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On Saturday morning, two long-suffering LCK organizations will face off for the championship trophy.
Both Afreeca Freecs and KING-ZONE DragonX (formerly Longzhu Gaming) have been hyped up as championship contenders for a long time. Both have disappointed heavily in the past. KING-ZONE broke through last year with a revelatory summer split that ended in a championship.
Not it’s Afreeca’s turn to try and break their curse. But KING-ZONE aren’t going to back down—they’ve improved from their magnificent run last year and are now the class of the world. Do Afreeca Freecs have any chance of stopping them?
The biggest reason for KING-ZONE’s improvement this year has been the addition of jungler Han “Peanut” Wang-ho. Peanut was teammates with KING-ZONE’s duo lane on the ROX Tigers team from 2016 that fell just short at Worlds. But after a year spent with SK Telecom T1 learning the intricacies of that team, Peanut has evolved into a much different jungler.
It helps that he plays alongside top laner Kim “Khan” Dong-ha, a similarly aggressive player. Those two can smash the top-jungle two vs. two like no other combination in the world, and Peanut’s early game stats are far and away the best in the LCK.
But Peanut has also gotten more refined in his map movements and objective control. KING-ZONE secured an absurd 79 percent of first barons during the regular season. Having strong lanes that snowball intelligently helps. But Peanut has been the missing ingredient.
Unfortunately for Afreeca, Peanut hits them at their weakest position. There’s a reason why KING-ZONE beat them in both regular season matches. Nominal starter Lee “Spirit” Da-yoon just can’t keep up. When he was subbed out in last week’s win over KT in favor of Lee “Mowgli” Jae-han, things did not improve.
Mowgli’s early pathing was a disaster and KT’s junglers were able to win the early game with ease. They weren’t able to snowball into anything meaningful, but KING-ZONE is a different beast. They won’t make the same mistakes that KT did.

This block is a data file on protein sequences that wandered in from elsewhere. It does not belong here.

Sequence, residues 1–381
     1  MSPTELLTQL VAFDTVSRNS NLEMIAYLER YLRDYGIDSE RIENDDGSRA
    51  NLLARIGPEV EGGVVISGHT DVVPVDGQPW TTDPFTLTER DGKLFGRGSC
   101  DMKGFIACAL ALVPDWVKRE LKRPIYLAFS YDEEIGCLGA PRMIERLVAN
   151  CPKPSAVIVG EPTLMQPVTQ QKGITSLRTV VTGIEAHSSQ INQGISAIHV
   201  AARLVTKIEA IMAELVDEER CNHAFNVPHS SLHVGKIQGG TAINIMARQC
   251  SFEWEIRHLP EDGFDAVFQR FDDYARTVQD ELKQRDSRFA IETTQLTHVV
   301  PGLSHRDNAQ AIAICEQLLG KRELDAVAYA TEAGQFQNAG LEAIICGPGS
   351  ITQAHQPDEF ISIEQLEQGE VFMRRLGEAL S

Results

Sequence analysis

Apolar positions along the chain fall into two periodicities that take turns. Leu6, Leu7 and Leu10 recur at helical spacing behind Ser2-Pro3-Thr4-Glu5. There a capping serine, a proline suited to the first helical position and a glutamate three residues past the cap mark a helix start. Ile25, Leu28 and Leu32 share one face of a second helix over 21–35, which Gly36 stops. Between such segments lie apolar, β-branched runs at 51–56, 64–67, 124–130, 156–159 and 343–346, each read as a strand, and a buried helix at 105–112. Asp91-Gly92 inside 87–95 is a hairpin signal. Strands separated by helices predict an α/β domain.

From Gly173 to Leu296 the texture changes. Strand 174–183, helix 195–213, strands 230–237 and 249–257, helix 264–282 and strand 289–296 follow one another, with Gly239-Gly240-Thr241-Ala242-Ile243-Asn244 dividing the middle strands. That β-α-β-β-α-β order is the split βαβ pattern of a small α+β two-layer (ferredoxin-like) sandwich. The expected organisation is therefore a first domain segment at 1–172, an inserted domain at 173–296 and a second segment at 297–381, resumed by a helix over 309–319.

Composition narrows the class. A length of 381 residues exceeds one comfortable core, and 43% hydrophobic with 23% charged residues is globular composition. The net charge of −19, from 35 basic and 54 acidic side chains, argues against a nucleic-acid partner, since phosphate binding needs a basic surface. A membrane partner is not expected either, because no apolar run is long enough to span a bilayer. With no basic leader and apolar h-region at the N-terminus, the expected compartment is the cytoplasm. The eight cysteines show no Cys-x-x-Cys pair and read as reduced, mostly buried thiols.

Afreeca will have to get even more creative to help Mowgli than they did in the series vs. KT. All of their pocket picks have to come out, especially in the top lane where Kim “Kiin” Gi-in has proven extremely talented. In mid lane expect more cheese, like the banner Karma mid they used last week to secure lane priority, in an effort to help Mowgli from falling behind.
Can Kramer shine?
Securing Mowgli’s early jungle path will only help if the team can win fights later. They were able to do exactly that last week against KT by getting a superior ADC performance out of Ha “Kramer” Jong-hun.
Kramer is one of a newer generation of Korean stars, like Song “Rookie” Eui-jin, that analysts have raved about for years and are finally carrying their teams to success. His lane with support Park “TusiN” Jong-ik has turned into an extremely dangerous one, and the two gave KT fits last week.
Kramer displayed great lane control against Kim “Deft” Hyuk-kyu, and the two even made Cho “Mata” Se-hyeong largely irrelevant. It doesn’t get any easier this week against Kim “Pray” Jong-in and Kang “GorillA” Beom-hyeon. Those two are extremely self-sufficient and know how to scale into the late game where fights and positioning matter.
Those fights will be key for Kramer—he has to carry with flawless positioning for Afreeca to have a chance. If he puts out more damage than PraY, he might just punch Afreeca’s ticket to MSI and, along the way, confirm his status as one of the best ADCs around.
With the offseason addition of Peanut, KING-ZONE is now three-fifths of the older ROX Tigers roster that had such great success in seasons five and six. The fourth, star top laner Song “Smeb” Kyung-ho, was just eliminated by Afreeca last week. The fifth, and least-heralded member, is mid laner Lee “Kuro” Seo-haeng.
Kuro has made a career of being a support-style player who never really carries but throws everything into getting his team ahead. Need another shield? He’ll pick Karma. Global ults? Galio is in his wheelhouse. Need some crazy? He even plays Yasuo mid.
Kuro was long regarded as the weak link of those Tigers teams. Against their primary rivals, SKT, he indeed fell short laning against Lee “Faker” Sang-hyeok. Saturday’s match is another chance for Kuro to prove to his former teammates—and the world—that he can be a great player. That greatness isn’t always getting a CS lead or securing a bunch of kills.
Kuro has a chance for revenge, but also for redemption. Two young, hungry teams will fight for the title Saturday morning, but the man who may want it the most might be the wily old vet.